Islam and Christianity, which have influenced Nigerian education in no small measure, are of recent development compared with the indigenous system of education which is as old as man himself in Africa. Every society whether simple or complex has its own system of training and educating its youth. In old Africa society the purpose of education was clear, it was functionalism. African education emphasizes social responsibility, job orientation, political participation, spiritual and moral value.

Although Nigeria consists of many ethnic groups and societies, each with their own culture and tradition, they all have common educational aims and objectives but methods differ from place to place chiefly because of social, economic and geographical imperatives. The education of the child phical imperatives. The education of the child from Nigerian society starts from infancy. At this initial stage, the child is more intimately involved with his mother than anybody else until he is about the age of 5 or 6, this is understandable and universal. The father is out most of the day and the mother stays at home with the child. His mother is his first teacher and he watches and learns everything his mother does. At about the age of 4 and 6, other members of the family become involved in the education of the child. They send him errand, tell him story, teach him obedience and respect for elders, code of behaviour, and history of the family or ethnics group.

Traditional education is all embracing and every social institution involves an educational activity which leads the individual to acquire behaviour pattern, abilities and skills necessary for effective citizenship in the society in which he lives. The traditional African educational system finds expression in the age group. Age is an important element in the life of the African. The elder is assumed to be a custodian of wisdom and he is expected to demonstrate this in speech and action if he is to keep his position among those who look unto him for leadership.

Goals Of Traditional African Education:

The broad goal of Traditional African Education is to produce an individual who is honest, respectable, and skilled and conforms to the social order of the day. This broad goal can be split into the following objectives:

(1) To develop the child latent physical skills

(2) To develop character

(3) To inculcate respect for elders and those in position of authorities.

(4) To develop intellectual skills

(5) To acquire specific vocational training and to develop a healthy attitude towards honest labour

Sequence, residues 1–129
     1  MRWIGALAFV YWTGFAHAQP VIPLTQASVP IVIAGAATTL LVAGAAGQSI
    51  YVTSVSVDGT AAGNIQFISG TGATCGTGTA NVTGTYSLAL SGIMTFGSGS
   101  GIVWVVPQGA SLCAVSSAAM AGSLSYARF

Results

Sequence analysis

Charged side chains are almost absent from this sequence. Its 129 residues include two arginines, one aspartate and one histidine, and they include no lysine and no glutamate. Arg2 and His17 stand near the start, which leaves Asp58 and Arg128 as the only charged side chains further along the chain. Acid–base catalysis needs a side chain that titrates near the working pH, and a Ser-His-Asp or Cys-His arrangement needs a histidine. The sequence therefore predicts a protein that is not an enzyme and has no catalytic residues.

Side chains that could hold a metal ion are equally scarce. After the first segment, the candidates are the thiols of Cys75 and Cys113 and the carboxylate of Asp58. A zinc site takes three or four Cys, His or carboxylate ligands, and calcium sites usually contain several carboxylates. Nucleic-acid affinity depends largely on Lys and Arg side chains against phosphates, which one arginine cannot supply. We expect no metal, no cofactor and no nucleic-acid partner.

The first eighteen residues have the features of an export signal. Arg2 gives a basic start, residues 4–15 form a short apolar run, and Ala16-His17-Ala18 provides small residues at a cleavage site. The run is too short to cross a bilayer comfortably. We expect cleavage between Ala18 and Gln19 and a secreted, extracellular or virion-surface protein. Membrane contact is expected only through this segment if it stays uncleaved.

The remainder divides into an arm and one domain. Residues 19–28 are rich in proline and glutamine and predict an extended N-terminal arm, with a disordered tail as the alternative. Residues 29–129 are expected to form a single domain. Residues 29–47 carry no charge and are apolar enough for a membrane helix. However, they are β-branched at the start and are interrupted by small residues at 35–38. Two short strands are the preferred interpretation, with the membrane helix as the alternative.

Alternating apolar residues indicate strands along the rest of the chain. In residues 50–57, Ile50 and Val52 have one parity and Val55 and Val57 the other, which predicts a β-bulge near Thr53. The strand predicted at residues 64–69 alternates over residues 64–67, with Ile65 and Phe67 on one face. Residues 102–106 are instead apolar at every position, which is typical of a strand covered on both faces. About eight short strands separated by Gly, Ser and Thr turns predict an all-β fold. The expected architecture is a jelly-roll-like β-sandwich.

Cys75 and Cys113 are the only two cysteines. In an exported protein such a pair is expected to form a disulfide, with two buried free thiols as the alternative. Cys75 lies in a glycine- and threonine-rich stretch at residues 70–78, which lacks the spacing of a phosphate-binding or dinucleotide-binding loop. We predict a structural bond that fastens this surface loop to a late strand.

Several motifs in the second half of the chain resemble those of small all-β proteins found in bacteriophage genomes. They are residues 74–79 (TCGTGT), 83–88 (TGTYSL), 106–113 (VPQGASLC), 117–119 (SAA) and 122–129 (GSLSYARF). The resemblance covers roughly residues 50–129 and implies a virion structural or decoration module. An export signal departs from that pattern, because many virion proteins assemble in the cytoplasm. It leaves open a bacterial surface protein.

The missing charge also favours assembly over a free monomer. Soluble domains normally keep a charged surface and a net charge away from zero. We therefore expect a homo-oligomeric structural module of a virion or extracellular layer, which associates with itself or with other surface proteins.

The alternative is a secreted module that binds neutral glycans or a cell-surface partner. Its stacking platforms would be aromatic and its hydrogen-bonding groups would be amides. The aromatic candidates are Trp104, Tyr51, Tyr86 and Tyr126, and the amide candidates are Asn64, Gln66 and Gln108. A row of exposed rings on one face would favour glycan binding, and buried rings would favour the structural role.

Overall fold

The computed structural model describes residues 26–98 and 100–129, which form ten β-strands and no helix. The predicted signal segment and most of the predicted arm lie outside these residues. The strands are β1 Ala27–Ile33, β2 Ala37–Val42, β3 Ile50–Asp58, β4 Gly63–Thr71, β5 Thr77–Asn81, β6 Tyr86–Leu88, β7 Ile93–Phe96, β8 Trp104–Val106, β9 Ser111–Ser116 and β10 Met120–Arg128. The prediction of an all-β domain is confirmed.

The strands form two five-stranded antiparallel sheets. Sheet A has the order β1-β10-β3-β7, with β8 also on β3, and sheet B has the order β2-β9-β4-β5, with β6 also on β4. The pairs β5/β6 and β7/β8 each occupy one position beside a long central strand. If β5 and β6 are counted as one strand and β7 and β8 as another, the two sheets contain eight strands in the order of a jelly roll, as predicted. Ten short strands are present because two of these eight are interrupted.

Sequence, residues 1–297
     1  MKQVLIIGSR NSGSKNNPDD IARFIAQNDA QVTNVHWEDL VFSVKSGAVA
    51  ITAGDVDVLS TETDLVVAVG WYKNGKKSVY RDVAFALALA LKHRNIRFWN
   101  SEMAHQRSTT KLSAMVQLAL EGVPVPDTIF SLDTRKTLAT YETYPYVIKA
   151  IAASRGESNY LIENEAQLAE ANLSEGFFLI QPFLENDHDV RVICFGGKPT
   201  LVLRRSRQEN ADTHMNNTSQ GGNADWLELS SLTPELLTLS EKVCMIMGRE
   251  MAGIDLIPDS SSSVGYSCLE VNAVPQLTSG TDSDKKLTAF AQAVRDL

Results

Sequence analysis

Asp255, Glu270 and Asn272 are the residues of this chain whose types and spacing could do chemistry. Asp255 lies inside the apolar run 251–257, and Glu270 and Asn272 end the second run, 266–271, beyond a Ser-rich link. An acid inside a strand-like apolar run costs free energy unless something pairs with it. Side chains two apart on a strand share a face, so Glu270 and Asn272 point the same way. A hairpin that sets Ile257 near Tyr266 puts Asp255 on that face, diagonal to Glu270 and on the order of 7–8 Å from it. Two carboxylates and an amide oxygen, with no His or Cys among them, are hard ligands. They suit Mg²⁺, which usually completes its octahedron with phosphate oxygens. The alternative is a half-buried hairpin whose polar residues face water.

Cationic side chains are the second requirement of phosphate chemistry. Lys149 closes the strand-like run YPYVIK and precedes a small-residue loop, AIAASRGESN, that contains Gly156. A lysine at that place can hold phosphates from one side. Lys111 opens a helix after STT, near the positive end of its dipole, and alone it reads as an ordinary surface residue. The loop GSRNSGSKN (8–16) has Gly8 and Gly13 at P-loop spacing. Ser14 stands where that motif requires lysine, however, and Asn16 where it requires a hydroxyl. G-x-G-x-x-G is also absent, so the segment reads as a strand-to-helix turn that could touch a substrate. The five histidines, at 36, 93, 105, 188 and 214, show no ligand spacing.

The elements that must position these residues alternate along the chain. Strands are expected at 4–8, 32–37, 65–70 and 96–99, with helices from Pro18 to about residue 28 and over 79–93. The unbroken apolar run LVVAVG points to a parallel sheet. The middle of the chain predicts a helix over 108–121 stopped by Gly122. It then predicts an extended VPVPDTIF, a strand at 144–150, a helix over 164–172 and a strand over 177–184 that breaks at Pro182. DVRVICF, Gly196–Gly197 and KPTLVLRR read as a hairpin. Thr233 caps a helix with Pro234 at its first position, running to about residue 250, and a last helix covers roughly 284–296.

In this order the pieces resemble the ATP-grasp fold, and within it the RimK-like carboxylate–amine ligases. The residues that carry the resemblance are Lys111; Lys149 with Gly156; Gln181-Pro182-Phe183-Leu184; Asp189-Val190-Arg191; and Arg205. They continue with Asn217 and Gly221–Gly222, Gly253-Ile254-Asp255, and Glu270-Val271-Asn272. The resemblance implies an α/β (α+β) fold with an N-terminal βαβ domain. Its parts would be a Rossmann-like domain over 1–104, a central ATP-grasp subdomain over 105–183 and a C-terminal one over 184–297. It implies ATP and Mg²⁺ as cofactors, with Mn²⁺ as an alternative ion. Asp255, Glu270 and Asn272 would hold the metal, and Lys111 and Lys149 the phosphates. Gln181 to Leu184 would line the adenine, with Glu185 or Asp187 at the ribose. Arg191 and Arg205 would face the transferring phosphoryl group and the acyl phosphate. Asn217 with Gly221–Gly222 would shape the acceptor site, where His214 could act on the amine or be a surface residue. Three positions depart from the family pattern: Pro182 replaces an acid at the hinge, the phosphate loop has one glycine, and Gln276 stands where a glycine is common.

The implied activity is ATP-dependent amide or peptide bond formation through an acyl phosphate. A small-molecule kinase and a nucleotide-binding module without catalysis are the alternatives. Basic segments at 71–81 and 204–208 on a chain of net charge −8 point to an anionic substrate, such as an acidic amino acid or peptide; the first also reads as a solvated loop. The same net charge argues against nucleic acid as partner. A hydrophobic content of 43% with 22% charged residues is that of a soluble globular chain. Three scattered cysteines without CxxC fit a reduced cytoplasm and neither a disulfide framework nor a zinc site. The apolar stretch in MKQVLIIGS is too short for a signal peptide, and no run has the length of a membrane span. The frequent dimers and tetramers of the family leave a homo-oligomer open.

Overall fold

(6) To develop a sense of belonging and to participate actively in family and community affairs.

(7) To understand, appreciate and promote the cultural heritage of the community at large.

Muslim Education In Nigeria

Islam was brought to Hausa land in the 14th Century by traders and scholars. The first set of mosques was built in Kano in 1349 - 1385. Kano then was a commercial city. The elementary Arabic schools in Nigeria were called Quranic schools and both Arabic, as a language and Islam as religion were taught simultaneously. When a pupil began to read the Arabic alphabet, he did so with an intention to read the Holy Quran. One of the Islamic Tradition says “The best man among you is one who learnt the Quran and the care to teach it”. Therefore teaching religion to others was considered a duty for which a person should expect no earthly reward. The system of teaching and learning the Quran and Arabic language started in Northern Nigeria where the teacher in the early stage depended on living on charity.

The Islamic education was well entrenched in the North and it became highly organized that centres of advanced Islamic education started springing up.

The Jihad period of Shehu Uthman dan Fodio assisted the spread of Islam in the North and consequently the establishment of Quranic Schools in the North. Jihad spread to Southern Nigeria through Ilorin which became a centre of Islamic learning up till this time. At about 1830, Islamic along with Quranic school spread to other parts of Yoruba land and a large number and small Quranic schools and institutions of higher learning similar to those already existing in the North sprang up in many Yoruba cities including Iwo, Ofa, Oyo, Shaki, Iseyin, Ogbomoso, Osogbo, Lagos, Epe, Abeokuta, Ijebu-Ode, etc.

A Quranic school is usually found in or outside the mosque. The Ustaz (teacher) sits under a tree or in his parlour, verandah, porch, or in the mosque surrounded by volumes of the Quran and other Islamic books. A little distance to the Ustaz but near enough to be within reach of his long whip squatting are some 10 to 40 pupils in semi-circle, folding broad wooden slates from where they chant different Arabic alphabets, words or Quranic verses. The teacher in most cases is assisted by the brightest or the oldest or both among the pupils.

Muslim children begin their Quranic education as from about the age of 3. At this stage learning was by repetition and rote (learning by heart) in a sing-song pattern. The teacher recite to his pupils the verse to be learnt and they repeat it after him, he does this repeatedly until he is satisfied that they have mastered the correct pronunciation. The pupils, sometimes in group, are thereafter left on their own to continue repeating the verse until he has thoroughly memorized it. The verse is then linked with the previously memorized verses and in this way; the pupil gradually learns by heart the whole chapters of the Quran.

Islamic education could be dividend into the following stages:

1st Stage: Learning of Arabic alphabets and words.

2nd Stage: Learning and committing the first 2 essus and memorizing it. They also learnt basic tenets of Islam and Hadith.